Best of all? Now you would think that since these devices are phones for the most part, handling telephone numbers would be really well thought out. And if you read the draft specs, there is a special `wtai:' URL scheme which allows you to write a link that will cause the phone to dial a number. Pretty fundamental, after all. So what do Nokia do in the 7110? Ignore it. Instead you have to hunt amongst the selectable options for the `use number' option. This searches the current page for something that appears to resemble a phone number and then lets you dial it - but if (for example) the phone number is preceded by a street address with a number in it, you get that instead. It takes real imagination to come up with something as daft as that and I've got a mind to create a very special award for the bright spark who thought of it. As a word of warning: don't buy a Nokia phone until they sort out the dial-link problem. They have a limited excuse in that the specifications for dial links is only in a proposed rather than accepted state, but I still want to know what they were smoking when they came up with the `use number' idea.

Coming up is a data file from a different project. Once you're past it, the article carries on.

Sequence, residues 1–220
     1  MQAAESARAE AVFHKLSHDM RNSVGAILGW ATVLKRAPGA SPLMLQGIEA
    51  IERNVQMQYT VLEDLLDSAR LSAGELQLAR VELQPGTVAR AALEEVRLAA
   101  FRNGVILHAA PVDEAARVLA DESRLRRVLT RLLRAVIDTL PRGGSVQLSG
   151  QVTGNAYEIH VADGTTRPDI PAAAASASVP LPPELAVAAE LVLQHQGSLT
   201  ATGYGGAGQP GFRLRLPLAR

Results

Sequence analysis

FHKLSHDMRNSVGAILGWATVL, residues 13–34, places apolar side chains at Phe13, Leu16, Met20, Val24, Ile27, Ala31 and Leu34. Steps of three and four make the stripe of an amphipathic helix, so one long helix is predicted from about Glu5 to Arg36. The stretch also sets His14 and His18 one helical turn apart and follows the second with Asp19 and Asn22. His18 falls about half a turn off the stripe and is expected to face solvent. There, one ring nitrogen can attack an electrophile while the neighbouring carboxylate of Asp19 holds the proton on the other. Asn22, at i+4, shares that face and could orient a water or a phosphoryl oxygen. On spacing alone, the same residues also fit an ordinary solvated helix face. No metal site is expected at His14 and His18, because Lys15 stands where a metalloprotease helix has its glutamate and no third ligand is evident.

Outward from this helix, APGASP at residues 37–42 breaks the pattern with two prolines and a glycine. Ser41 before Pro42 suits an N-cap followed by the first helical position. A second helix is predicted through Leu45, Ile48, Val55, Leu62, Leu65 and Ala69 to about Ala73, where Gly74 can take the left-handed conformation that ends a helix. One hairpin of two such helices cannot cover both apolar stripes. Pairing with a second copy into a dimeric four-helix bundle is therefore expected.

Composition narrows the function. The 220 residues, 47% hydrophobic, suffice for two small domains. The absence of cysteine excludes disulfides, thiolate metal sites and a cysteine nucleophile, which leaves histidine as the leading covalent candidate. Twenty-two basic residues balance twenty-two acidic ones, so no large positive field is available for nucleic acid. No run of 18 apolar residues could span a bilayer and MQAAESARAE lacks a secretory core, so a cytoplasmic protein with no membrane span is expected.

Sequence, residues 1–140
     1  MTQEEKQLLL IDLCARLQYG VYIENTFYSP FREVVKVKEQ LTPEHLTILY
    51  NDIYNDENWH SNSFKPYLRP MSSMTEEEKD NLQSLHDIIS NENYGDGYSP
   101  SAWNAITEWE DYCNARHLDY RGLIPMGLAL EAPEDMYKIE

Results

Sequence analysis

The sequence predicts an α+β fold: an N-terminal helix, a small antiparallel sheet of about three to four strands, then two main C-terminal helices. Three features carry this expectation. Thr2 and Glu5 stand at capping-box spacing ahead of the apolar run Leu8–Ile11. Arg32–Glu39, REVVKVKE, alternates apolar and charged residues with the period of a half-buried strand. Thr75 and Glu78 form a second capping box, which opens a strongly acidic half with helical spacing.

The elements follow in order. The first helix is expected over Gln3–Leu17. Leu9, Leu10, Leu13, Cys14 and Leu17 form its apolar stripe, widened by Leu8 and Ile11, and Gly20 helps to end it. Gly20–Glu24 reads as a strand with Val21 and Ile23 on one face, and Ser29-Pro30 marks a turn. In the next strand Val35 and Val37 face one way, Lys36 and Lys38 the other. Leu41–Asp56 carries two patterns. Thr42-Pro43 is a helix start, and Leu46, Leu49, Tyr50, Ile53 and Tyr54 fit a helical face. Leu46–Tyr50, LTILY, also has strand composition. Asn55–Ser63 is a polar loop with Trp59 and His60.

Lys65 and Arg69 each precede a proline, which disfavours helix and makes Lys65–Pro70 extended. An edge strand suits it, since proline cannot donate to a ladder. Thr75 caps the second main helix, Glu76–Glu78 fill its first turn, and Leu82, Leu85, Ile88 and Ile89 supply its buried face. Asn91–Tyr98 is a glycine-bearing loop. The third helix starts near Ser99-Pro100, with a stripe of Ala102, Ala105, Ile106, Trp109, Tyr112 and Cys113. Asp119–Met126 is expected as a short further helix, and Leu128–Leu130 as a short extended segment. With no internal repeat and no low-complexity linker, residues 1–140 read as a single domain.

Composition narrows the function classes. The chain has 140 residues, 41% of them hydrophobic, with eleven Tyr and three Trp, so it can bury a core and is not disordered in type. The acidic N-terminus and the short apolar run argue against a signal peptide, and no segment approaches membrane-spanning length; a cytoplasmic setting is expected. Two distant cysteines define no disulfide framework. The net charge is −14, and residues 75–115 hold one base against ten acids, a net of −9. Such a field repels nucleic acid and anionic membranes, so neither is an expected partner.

OverallMobile data is a compelling concept. The idea of being cut free from wires and being able to access information in various shapes and forms is hugely attractive. Being able to make use of the mobile phone companys' billing systems to allow for online purchasing is an awesome opportunity. There can be hardly any doubt that somehow, somewhere, somebody will figure out how to do it right, but on the evidence to date, WAP/WML is not the answer. Let's hope that after this poor start the industry will get its act together better and start thinking from the consumers' point of view, not its own.
To do it right means doing much better than the current crop of phones, coming up with a better language than WML (which aims much too low) and paying a lot more attention to the difficulties of delivering content. The ludicrous maximum transfer limit has to go immediately - and I don't want to hear whining about how it's hard for the networks to do that, those people are paid to solve network problems.
I'd like to hear what other people's experiences have been and if I get enough useful responses, I'll try to summarise them in a later version of this note. There is a lot of uncritical promotional material about, but I haven't seen much that describes what it's really like to use WAP/WML and those of us who have to work with it deserve some honest and down-to-earth information too.
Mike Banahan (http://www.gbdirect.co.uk/mailto:firstname.lastname@example.org), 27th May 2000
Additions/Errata/Comments/WhateverSince publishing this item, several people have been moved to write back, some agreeing with much of what I've said, others taking issue (in some cases vigorously). Factual information points are mentioned below, along with attributions, though I don't vouch either way for their correctness.